Count how many shots the puppies have had, and when are they due for their next set of shots.
How many times have the puppies been to the veterinarian?
Have the puppies been checked out and found to be healthy? If not, what is wrong with them?
What kind of guarantee do you give to people, what about a health guarantee?
Does the breeder take back their puppies?
If the puppy is found to have a very bad illness, what will they do to make up for it?
This is a hard subject, but it’s much easier to talk about before than after the fact.
Are Sarabi dog breed dogs aggressive?
Generally speaking, Sarabi dogs are not aggressive, but it does depend on the situation.
Depending on the circumstances and the situation they find themselves in, dogs can get hostile and aggressive. While each dog has the capability of displaying hostility, their actions are always dictated by what they perceive is occurring to them.
When a dog exhibits aggressive behavior, it nearly always does so because it believes that it is in danger.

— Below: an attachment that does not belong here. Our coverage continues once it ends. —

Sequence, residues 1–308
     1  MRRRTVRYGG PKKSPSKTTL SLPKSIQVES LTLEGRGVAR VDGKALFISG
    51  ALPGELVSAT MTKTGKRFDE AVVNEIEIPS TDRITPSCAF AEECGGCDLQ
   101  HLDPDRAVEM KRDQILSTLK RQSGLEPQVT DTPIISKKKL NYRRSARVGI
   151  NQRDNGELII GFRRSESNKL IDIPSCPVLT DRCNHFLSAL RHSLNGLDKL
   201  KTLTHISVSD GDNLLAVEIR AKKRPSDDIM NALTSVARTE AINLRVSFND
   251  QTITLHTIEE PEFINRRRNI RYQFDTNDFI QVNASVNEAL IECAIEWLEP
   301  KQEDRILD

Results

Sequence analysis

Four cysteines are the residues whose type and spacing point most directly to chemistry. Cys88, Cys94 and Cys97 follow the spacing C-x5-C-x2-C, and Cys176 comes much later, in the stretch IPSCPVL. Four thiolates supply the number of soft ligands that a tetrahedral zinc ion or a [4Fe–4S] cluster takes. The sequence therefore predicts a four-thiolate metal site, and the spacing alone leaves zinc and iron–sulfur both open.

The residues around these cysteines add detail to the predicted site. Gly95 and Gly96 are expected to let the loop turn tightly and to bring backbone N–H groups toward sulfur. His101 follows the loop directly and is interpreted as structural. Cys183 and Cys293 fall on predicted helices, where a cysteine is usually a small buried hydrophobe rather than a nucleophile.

Threats include threats to its physical safety, attempts to steal something (or someone) it values highly. Or attempts to prohibit it from doing something it wants to do, resulting in dissatisfaction and disappointment. As a dog owner, you should know that aggression may be utilized to control or lessen the difficulty of the situation. Every single dog, if pushed to its limits, is capable of and willing to employ aggressiveness.
Although it may seem that some dogs are born aggressive, it is more true to state that they are born with inherited traits that, if left unchecked, may lead to greater aggressive behavior in the future.
Given that aggressiveness is always a reaction to danger, there is no reason why a dog cannot learn to respond differently. Manage those reactions throughout the dog’s life. Beginning with breeding and continuing with the development of strong social skills.